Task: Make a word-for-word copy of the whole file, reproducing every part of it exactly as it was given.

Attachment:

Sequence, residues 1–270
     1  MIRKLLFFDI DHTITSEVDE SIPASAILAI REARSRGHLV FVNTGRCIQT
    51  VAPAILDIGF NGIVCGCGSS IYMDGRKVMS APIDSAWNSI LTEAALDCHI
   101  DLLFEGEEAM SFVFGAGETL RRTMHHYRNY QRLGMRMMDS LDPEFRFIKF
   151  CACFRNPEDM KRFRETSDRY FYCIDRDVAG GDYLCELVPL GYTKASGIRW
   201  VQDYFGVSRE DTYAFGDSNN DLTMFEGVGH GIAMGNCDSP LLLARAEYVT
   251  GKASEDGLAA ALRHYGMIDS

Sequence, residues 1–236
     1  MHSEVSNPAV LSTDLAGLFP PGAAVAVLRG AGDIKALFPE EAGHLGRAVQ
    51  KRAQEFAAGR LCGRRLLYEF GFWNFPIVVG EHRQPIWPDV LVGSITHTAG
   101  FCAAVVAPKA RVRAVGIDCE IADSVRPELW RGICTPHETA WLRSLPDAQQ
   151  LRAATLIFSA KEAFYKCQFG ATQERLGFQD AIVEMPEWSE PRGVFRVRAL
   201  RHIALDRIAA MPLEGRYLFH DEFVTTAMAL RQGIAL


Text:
Sequence, residues 1–270
     1  MIRKLLFFDI DHTITSEVDE SIPASAILAI REARSRGHLV FVNTGRCIQT
    51  VAPAILDIGF NGIVCGCGSS IYMDGRKVMS APIDSAWNSI LTEAALDCHI
   101  DLLFEGEEAM SFVFGAGETL RRTMHHYRNY QRLGMRMMDS LDPEFRFIKF
   151  CACFRNPEDM KRFRETSDRY FYCIDRDVAG GDYLCELVPL GYTKASGIRW
   201  VQDYFGVSRE DTYAFGDSNN DLTMFEGVGH GIAMGNCDSP LLLARAEYVT
   251  GKASEDGLAA ALRHYGMIDS

Sequence, residues 1–236
     1  MHSEVSNPAV LSTDLAGLFP PGAAVAVLRG AGDIKALFPE EAGHLGRAVQ
    51  KRAQEFAAGR LCGRRLLYEF GFWNFPIVVG EHRQPIWPDV LVGSITHTAG
   101  FCAAVVAPKA RVRAVGIDCE IADSVRPELW RGICTPHETA WLRSLPDAQQ
   151  LRAATLIFSA KEAFYKCQFG ATQERLGFQD AIVEMPEWSE PRGVFRVRAL
   201  RHIALDRIAA MPLEGRYLFH DEFVTTAMAL RQGIAL